Leading medical journal The Lancet has published a scientific review written by Professor Shamima Rahman, who is a member of The Lily Foundation Medical Board and has a research project funded by the charity.
The review discusses advances in mitochondrial medicine following the development of new technologies that should pave the way for “improved outcomes for patients with mitochondrial disease”. It's publication in The Lancet reflects not only the calibre of the clinicians we work with but also the quality of researchers funded by The Lily Foundation.
Several high-throughput technologies that have transformed mitochondrial research over recent years, including next generation sequencing (NGS), are now used routinely in many diagnostic labs to improve the diagnosis of mitochondrial disease. In addition to NGS, there are other ‘omics technologies’ that have become highly valuable in the field of mitochondrial research. The contribution of these powerful techniques in both the laboratory and the clinic are discussed in the review written by Professor Rahman and her PhD student Joyeeta Rahman, who searched the available scientific literature to identify exciting research into mitochondrial disease arising from the increasing use of such technologies.
Genomic techniques such as whole exome sequencing, used in the Lily Exome Sequencing project, help to identify genetic faults in the DNA sequence that cause mitochondrial disease.Most of us will be familiar with the term ‘genomics’, which refers to the study of genetic information, or the DNA sequence, that is found in the cells of our body. Genomic techniques such as whole exome sequencing, used in the Lily Exome Sequencing project, help to identify genetic faults in the DNA sequence that cause mitochondrial disease. Other ‘omics technologies’, including transcriptomics, proteomics and metabolomics, are perhaps less familiar but involve the study of what is produced by the genetic information rather than the sequence of the DNA itself. Although still in its infancy, these additional techniques are being used more often alongside genomics to help improve the diagnosis of mitochondrial disease using what has been termed an ‘integrated omics’ approach.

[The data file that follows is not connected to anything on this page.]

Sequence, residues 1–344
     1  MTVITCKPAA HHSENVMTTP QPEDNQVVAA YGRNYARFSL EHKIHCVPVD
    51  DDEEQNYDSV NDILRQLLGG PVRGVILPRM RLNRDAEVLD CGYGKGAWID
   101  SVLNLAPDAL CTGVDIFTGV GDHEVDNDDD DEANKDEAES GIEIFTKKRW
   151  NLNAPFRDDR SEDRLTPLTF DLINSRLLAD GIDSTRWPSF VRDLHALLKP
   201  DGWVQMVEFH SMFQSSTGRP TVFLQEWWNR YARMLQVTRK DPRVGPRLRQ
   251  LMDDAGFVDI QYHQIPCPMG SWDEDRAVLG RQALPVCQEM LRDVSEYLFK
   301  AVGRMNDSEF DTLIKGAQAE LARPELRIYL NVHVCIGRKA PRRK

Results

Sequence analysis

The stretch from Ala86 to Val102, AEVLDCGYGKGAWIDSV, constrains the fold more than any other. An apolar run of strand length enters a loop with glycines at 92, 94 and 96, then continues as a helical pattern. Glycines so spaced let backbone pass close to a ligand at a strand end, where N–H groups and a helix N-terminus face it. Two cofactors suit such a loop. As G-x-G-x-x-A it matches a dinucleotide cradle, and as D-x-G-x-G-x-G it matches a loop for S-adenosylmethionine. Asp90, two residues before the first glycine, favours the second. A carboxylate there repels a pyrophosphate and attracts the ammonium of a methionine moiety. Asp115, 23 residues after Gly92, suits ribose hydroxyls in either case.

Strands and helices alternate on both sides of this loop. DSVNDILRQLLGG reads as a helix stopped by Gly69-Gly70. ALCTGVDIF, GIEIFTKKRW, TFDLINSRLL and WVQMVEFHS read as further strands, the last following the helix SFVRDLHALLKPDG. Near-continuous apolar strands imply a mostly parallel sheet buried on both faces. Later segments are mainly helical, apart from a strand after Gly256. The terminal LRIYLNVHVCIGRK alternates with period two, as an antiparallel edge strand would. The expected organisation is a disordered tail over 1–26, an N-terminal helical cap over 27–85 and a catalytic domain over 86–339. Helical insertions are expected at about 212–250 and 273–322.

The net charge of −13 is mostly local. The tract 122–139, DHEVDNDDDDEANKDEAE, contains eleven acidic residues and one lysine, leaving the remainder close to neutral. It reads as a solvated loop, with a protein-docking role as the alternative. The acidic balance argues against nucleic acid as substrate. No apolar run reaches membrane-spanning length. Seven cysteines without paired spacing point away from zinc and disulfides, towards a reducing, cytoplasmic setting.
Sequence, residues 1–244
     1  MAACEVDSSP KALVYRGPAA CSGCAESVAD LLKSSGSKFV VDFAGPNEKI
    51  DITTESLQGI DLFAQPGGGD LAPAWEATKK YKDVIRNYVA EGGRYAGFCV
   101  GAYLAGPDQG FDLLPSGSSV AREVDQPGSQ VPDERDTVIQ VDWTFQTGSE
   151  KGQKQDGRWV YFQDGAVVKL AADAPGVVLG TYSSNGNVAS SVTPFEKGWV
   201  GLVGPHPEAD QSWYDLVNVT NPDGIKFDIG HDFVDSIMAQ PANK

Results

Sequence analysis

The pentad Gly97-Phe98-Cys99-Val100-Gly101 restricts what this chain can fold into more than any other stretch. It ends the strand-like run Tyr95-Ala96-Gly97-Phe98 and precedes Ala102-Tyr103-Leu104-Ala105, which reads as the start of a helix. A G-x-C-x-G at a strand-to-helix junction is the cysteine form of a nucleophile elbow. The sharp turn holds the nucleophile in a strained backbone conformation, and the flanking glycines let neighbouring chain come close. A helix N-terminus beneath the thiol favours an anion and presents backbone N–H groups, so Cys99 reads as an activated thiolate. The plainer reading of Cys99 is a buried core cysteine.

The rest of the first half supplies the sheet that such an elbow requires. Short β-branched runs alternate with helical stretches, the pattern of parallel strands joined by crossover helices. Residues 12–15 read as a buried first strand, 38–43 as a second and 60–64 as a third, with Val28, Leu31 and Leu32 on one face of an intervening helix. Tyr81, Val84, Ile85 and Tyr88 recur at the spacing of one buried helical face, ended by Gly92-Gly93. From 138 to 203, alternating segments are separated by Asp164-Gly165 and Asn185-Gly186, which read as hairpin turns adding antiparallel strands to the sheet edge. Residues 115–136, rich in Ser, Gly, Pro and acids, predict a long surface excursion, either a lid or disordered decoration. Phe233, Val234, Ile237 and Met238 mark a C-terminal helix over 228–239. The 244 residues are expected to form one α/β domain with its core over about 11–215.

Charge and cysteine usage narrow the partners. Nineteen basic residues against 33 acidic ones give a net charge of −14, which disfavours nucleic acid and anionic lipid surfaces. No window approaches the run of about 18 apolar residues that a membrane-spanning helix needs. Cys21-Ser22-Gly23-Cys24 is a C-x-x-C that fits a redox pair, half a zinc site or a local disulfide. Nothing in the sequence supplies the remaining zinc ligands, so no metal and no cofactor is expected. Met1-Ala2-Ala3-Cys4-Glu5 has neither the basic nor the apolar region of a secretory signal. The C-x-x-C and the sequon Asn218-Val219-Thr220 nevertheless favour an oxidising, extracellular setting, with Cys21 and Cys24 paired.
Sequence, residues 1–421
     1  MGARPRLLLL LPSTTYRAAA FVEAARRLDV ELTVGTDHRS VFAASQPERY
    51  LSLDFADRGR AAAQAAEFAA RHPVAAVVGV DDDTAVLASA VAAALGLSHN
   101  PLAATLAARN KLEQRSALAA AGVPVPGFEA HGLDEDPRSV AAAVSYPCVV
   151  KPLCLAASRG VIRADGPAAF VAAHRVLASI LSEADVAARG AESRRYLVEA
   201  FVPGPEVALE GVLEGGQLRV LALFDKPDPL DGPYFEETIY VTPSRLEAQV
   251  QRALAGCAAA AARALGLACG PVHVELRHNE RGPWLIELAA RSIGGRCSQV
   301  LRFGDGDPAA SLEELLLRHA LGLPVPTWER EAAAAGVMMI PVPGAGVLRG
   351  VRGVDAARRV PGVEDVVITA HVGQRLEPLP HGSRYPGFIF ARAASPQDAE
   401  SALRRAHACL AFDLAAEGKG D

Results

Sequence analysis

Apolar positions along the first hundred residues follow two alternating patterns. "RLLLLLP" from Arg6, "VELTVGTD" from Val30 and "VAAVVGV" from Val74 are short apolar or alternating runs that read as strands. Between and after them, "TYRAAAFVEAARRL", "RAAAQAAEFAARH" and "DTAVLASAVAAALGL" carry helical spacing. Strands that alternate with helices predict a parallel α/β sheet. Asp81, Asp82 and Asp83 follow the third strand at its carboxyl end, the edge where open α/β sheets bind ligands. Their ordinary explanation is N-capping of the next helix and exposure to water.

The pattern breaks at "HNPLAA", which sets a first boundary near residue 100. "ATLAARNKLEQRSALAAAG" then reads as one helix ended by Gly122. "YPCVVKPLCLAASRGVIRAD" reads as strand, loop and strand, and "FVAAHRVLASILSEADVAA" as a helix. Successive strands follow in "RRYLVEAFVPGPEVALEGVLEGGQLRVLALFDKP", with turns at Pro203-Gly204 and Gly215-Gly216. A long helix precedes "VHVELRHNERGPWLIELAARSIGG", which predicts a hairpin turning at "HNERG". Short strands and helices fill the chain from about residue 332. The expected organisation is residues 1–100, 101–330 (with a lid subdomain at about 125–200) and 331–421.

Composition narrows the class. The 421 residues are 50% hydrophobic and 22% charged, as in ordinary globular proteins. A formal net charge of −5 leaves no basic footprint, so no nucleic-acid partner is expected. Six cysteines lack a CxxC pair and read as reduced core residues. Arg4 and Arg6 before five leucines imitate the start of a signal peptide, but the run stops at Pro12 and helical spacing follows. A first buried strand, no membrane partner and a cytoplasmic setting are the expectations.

The review provides examples of how omics technologies have been important in many different areas of mitochondrial medicine, including how they have helped reveal basic aspects of mitochondrial structure and function, helped in the understanding of energy production by the mitochondria and revealed details about how mitochondria communicate with other parts of the cell. The review goes on to discuss how these technologies have increased the diagnostic rate for families affected by mitochondrial disease, whilst also providing new ideas for potential therapeutic targets that could eventually lead to the development of effective therapies.
Professor Rahman acknowledged the research grant funding awarded by The Lily Foundation at the end of the review, meaning our name appeared in The Lancet! This is a fantastic accolade which strengthens our reputation within the medical field and reaffirms our close relationship with mitochondrial specialists in the UK.